Yet during rehearsals of the operetta, many people asked me – isn’t that a musical? We worked with sound system, still it is not a musical. It is an operetta, predecessor of musical. Especially in 40s, it was the golden age of musical at Broadway. This implies my next question.Your father never visited America before 1928.How is it possible that he could write this amazing American music: Jazz, Charleston, Foxtrot?
It is just one of the things my father was able to process as a musician. Just take Dutch tone in Das Hollandweibchenor very Indian tone in Die Bajadere - a beautiful piece by my father. Or those very American tones in the Duchess of Chicago or Arizona Lady. Further, let’s mention French character of music in Das Veilchen vom Montmartreand Hungarian esprit which is present practically in all his works. Those were his masterpieces, he loved tones full of colours. And of course, he wrote the whole orchestration himself. That was his real greatness.
Yes, Csardas and Waltz can be heard in the Duchess, dances and music from old good operetta. Now, I got an idea that this conservative Prince Boris from Sylvaria – isn’t he actually your father, the representative of the old world who outdone himself and opened to the new world?
Yes, we spoke about that before. When I’m listening to Those Were the Days! my eyes are full of tears. I think that was my father’s nature.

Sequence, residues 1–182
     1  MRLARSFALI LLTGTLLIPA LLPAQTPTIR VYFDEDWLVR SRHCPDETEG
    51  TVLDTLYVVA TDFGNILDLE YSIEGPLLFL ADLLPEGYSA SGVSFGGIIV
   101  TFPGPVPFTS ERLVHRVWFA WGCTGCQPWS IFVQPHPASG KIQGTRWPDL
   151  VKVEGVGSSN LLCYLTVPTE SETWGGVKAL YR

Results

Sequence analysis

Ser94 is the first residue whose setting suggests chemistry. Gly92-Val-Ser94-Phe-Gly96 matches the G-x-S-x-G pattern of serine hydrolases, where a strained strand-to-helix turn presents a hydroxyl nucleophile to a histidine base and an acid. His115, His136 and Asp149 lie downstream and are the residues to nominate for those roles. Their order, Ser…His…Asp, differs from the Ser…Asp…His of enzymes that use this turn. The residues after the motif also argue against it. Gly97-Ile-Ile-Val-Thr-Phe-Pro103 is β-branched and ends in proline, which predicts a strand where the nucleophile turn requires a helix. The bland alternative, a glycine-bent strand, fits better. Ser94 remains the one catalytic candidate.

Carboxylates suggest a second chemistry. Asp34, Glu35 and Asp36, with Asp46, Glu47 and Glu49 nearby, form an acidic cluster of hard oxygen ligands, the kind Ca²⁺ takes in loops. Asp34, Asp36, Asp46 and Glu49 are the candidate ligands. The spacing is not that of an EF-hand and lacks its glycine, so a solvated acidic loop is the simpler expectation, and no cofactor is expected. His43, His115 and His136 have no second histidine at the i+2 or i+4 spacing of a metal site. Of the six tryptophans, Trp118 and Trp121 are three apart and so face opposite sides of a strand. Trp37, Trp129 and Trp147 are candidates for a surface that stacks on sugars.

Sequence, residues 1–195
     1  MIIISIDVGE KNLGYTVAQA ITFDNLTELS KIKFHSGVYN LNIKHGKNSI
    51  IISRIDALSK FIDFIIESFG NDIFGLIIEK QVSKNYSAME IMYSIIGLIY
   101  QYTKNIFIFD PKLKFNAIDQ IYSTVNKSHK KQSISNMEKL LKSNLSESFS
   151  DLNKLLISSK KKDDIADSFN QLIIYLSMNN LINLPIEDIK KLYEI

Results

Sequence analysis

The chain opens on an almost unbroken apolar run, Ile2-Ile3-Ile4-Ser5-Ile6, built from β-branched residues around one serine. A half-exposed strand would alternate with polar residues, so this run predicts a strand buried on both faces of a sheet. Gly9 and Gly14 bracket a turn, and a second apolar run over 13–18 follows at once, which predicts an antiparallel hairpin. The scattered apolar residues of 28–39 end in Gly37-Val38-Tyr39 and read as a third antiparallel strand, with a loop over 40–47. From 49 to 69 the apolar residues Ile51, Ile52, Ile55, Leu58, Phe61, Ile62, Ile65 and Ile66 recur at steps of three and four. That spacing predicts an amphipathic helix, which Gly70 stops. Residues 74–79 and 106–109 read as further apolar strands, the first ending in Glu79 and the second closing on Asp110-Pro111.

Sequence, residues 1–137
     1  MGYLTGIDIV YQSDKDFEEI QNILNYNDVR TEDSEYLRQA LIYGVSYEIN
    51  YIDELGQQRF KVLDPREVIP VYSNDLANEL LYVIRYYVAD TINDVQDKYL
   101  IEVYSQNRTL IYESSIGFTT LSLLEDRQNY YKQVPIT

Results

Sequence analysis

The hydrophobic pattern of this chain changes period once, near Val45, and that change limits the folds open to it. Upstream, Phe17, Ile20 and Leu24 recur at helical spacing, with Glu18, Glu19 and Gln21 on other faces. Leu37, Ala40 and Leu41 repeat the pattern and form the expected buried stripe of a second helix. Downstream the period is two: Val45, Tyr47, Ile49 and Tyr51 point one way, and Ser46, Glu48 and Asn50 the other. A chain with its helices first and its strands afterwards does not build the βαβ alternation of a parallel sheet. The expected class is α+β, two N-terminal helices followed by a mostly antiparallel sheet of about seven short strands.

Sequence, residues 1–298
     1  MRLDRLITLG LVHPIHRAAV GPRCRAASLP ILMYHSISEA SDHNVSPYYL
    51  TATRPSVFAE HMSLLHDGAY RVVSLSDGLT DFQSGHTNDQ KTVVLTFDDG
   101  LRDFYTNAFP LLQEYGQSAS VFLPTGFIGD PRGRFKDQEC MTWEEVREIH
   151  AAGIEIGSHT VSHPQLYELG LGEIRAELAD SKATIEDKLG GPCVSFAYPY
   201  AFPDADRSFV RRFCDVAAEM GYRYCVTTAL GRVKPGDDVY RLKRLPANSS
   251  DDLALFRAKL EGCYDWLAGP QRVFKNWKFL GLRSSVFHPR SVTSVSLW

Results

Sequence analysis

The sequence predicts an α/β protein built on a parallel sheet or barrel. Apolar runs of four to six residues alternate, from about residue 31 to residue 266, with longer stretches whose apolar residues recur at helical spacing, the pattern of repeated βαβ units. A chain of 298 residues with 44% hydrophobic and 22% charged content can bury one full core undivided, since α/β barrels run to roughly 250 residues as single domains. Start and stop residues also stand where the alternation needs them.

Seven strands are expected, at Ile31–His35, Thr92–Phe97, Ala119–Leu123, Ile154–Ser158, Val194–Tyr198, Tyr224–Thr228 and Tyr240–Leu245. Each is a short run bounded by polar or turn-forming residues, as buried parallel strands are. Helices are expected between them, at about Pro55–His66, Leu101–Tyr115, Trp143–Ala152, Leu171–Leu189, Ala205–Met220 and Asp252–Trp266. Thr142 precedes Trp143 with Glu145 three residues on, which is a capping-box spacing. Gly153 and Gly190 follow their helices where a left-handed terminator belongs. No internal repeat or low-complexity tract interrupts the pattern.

Your father always wrote operettas that expressed joy of life and certain melancholy at the same time. He was probably the most melancholic of all operetta composers.
Yes, you’re right.
Laughter Under Tears: Emmerich Kálmán - your father’s biography was issued. What operetta meant then and what does it mean today?
Hard to answer the question. Operetta is important only for those who love it. Otherwise, it is not important.
Let’s get back to Košice. In September, we’ll have a chance to see you once again at the premiere of the Duchess of Chicago. Despite that, could you describe your impressions of this adaptation, your impression of Košice?
I knew Košice from my friends’ pictures. A beautiful place with stunning Old Town. True gem that should be registered as UNESCO heritage. It is so amazingly far from everywhere. Probably that’s why Košice managed to keep its original look. Fortunately, shopping centres are outside the town and that helped to preserve the historical character of the place. No tramps on Main Street, and I’m very thankful for that. You feel like in a pictorial book, a unique place. I’ve travelled a long way; this is my first travel after the pandemic. The show was fantastic, perfect tempo, chief-conductor perfect as well, great musicians, costumes, as a whole perfect. Excellent direction, great singers, both castings were excellent. It was a great success. And applause, applause, applause, applause. Singers, actors, and dancers really deserved it. Both the shows were perfect.
Yvonne, thank you for the interview. We will be honoured to welcome you back in Košice.
Stanislav Trnovský, dramaturge at Opera Company ŠDKE